Sarah S. - Massachusetts, USA
Strider, "wearable test"
I made the shirt based on the yoke from Vogue 7894 (1990, from my stash), and the body and sleeve were based on McCall's 4484 (1989, also from my stash). I omitted the smocked panels at the top of the sleeves, because I only had one day to make the shirt. I used a piece of gray fabric that someone had given me years ago (I am pretty sure it's a cotton/poly blend) which appeared to have been home-dyed, and had some nice mottling and dripping which I used to good effect. The front keyhole is narrow-rolled, and the little pleat at the bottom of the keyhole is covered with a tiny square of fabric. After I finished the shirt, I was studying the dvd again for the vest, and realized that the sleeve ought to have a vent in the underarm seam, but I had already serged and hemmed by that time. I did the cross stitching along the bottom edges of the yoke with embroidery thread.
I made the string tie for the keyhole out of braided cotton string, in light gray/silvery gray color. (also from my stash, I used to crochet string bags) If I get around to retrofitting with the sleeve vents, I'll make more string for the sleeves.
I made the vest out of a dark brown linen/rayon fabric that I had in my stash, and again I only had one day to make it. I used Butterick 6836 (2000) as my jumping-off point, making the front and back panels longer, and placing a seam in the center back instead of a fold. I rolled the side cut edges to the outside to simulate the binding, and bound the center front with long straight-grain strips. The neckline and armscyes I bound with bias. The center back is just seamed above the waist, the edges serged separately, pressed open, and stitched down below the waist. I made the string ties for the front again from the braided cotton string (it's carpet warp, but also good for crochet), and again because of time pressure I only made three-strand braids rather than the four-strands we see in the original. I used the same stuff to lace up the sides, just threading it through the bound edges with a chenille needle. I marked the places first so they'd be evenly spaced between the waist and armpit. If I recall correctly, I started each braid with two yards of string, which took-up to about 60" when braided, and one braid was enough to lace up both sides, the other made the front ties.
To give it the right patina, I used scissors to hack off the bottom edges of the panels unevenly, and then washed and drip-dried, without ironing. I think it reads so well because the color is good, and the bottom edges came out just right. And linen/rayon drapes so nicely.
The belt is just a strip of garment leather, and a single d-ring. Again, it had to come out of stash and be fast.
The coat is based on Simplicity 5574(2003), the men's doublet (still in print), combining a small body with x-small sleeve and armscye (which also took some width out at the side, the way the xs armscye comes off the shoulder point). I dropped the center back, front and side lines straight down from the tops, and moved the sleeve seam from the back (correct for Elizabethan) to the underarm (correct for Strider). I also flared the very end of the sleeve a little. And corrected the slope of the front waist after modifying the cf and side.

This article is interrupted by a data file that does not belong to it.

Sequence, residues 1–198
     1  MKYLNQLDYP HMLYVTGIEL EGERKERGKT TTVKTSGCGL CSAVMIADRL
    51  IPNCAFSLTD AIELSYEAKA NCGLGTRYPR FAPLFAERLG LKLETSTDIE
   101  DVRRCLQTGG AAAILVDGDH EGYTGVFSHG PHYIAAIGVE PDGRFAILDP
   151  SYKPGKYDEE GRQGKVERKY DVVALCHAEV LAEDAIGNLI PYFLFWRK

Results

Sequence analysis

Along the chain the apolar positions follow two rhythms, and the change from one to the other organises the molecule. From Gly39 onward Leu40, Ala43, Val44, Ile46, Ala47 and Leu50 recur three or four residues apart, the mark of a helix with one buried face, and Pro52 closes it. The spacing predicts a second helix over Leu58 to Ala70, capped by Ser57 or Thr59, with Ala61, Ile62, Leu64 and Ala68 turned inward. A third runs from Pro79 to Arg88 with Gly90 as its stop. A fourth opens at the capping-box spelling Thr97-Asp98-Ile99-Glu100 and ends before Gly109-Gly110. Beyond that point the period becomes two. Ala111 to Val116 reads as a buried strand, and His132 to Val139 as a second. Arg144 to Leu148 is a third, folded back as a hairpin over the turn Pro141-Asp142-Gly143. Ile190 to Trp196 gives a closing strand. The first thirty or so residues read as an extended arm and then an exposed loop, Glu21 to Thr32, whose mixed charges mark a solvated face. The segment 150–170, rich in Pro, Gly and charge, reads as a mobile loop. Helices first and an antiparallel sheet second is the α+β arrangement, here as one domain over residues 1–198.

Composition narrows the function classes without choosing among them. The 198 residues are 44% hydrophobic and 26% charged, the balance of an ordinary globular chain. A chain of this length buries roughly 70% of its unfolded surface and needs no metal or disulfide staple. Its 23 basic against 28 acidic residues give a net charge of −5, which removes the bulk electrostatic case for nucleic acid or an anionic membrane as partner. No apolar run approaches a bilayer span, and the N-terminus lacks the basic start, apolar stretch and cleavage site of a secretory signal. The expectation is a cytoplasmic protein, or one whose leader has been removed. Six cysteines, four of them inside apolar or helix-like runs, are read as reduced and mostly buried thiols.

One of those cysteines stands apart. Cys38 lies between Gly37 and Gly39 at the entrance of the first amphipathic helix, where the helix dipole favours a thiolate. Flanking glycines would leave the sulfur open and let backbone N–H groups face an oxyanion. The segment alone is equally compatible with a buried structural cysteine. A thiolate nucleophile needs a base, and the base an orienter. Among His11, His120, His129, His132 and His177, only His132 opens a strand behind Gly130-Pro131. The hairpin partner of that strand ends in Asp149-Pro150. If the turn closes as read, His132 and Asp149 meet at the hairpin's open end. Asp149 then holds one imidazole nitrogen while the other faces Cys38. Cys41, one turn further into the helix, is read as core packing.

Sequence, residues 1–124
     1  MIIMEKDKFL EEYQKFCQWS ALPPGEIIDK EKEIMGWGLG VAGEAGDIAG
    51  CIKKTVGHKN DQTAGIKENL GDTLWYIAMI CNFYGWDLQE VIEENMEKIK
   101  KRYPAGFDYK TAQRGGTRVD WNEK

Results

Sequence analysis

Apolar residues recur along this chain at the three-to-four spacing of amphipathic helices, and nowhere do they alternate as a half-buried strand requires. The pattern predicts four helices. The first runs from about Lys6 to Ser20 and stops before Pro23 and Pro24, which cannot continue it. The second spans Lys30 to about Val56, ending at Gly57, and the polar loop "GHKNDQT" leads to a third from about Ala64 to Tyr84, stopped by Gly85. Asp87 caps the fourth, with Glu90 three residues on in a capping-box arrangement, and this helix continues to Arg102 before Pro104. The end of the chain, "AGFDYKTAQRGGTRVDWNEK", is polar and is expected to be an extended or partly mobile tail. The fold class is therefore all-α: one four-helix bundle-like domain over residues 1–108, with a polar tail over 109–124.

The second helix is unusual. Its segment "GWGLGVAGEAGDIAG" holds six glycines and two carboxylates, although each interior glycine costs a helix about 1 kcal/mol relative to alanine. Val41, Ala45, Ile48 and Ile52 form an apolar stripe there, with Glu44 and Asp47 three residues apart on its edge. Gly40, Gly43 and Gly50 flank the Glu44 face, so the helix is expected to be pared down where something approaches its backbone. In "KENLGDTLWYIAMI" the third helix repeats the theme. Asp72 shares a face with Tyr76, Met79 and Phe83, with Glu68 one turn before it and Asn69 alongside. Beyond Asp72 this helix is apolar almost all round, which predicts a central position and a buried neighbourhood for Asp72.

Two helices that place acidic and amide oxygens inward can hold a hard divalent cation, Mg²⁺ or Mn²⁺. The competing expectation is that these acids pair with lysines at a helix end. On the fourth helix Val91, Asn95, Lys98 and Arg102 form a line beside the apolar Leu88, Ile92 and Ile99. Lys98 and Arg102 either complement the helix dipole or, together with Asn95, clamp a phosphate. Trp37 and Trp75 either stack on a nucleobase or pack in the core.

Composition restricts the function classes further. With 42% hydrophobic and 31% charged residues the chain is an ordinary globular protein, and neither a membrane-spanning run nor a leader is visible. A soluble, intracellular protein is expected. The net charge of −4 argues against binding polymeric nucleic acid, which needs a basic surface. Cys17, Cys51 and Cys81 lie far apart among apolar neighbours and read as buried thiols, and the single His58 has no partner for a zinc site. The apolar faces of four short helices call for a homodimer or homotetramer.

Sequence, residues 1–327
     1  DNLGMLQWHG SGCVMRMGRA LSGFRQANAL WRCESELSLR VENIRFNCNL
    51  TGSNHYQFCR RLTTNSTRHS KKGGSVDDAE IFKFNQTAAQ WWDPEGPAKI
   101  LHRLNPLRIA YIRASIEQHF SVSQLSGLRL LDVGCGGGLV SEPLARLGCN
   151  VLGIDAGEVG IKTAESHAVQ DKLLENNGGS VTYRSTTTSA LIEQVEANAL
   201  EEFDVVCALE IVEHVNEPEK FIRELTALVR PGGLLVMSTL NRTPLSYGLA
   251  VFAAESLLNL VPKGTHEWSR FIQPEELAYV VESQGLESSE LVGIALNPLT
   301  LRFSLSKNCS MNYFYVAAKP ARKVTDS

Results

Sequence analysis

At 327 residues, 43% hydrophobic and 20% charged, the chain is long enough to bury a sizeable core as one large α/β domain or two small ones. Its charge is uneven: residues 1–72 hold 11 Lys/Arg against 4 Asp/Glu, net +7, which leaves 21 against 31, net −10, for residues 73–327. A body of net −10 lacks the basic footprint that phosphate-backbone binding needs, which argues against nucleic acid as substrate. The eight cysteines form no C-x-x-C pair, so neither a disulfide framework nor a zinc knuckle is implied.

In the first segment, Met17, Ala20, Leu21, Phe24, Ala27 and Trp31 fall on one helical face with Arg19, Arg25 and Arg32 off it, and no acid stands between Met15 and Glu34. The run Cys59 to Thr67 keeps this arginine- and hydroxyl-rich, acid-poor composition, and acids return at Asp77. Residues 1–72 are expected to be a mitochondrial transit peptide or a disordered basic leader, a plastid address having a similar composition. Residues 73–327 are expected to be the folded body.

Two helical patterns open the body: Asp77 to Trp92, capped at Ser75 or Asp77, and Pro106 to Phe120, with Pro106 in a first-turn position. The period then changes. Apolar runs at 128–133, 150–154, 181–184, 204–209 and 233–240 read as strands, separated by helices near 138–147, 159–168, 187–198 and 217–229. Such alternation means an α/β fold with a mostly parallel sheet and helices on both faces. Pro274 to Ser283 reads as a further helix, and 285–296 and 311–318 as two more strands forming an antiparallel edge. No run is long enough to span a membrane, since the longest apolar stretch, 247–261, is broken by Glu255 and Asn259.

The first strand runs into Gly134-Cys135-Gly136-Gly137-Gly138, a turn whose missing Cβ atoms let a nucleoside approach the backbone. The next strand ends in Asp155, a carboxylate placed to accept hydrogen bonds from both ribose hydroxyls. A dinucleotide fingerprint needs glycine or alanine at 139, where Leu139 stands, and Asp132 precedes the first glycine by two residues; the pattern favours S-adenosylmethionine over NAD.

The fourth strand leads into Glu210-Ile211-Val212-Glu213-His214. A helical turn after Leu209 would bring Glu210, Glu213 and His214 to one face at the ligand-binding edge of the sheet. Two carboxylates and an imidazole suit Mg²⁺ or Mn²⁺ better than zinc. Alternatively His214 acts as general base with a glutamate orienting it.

The fabric I used was a dark olivey wool blend. I couldn't afford to commit leather to a test, or to something I might only get a couple chances to wear. I did splurge on the wool, that was not in my stash already, but I felt lucky to find the right color, after seeing the original in Boston. I cut a lot of 1 1/2" bias strips to bind the center front, armscyes, sleeve underarms and shoulders, and one wider bit for the neckline. I also removed an inch of width from the center front, so the coat wouldn't cover the rest of the costume so much. (Aragorn never closes it anyway) And I was able to save some fabric by eliminating seam allowances everywhere I was going to bind with bias. The skirts I made straight rectangles, although watching the bit on the extras dvd where Viggo is testing the costume and drawing his sword, it looks like the skirts are a little bit flared. Next time. In this case, I placed the center backs of the skirts at the selvages, so I could turn those in as facings, where the cb panels are overlapped.
Binding the edges: Press bias strips in half lengthwise. Trim away any seam allowance (if not already cut without it) from edges to be bound. Sew bias to garment piece, tucking cut edge of garment piece into fold of bias. Trim close to stitching, but not so close as to let it fall apart! Then I braided a *lot* of black carpet warp to lace it up with! I had to start with fairly long pieces (2 yds, four lengths for the four laced up "seams") so I could get all the way across a shoulder, or down a sleeve, in one pass. I threaded it with the chenille needle again, but the thicker fabric meant I had to pull each stitch through with a pair of pliers. Kind of messed up the needles, but needles are cheap. I didn't bother marking the points: too many, not enough time, so I just eyeballed and did ok. On the sleeve underarms I adjusted the extra string to hang from the wrists evenly.
For finishing touches, I oversewed the center back and waist seams with slanty stitches that echoed the lacing (seen on the original in Boston), and put a black fabric patch on the right sleeve forearm, oversewing that all over with blanket stitch and feather stitch, just to suggest the intricate texture of the original. I used a single strand of the carpet warp, which was easy to sew with, and on the sleeve patch, I left knots on the outside to add texture. After I finished, I noticed that the edge of the patch ought to be bound like the edges of the garment pieces. Next time.
The pants are just my black jeans (which I also made) and I wish I had boots, or any other accessories!
This page was last updated 11/21/09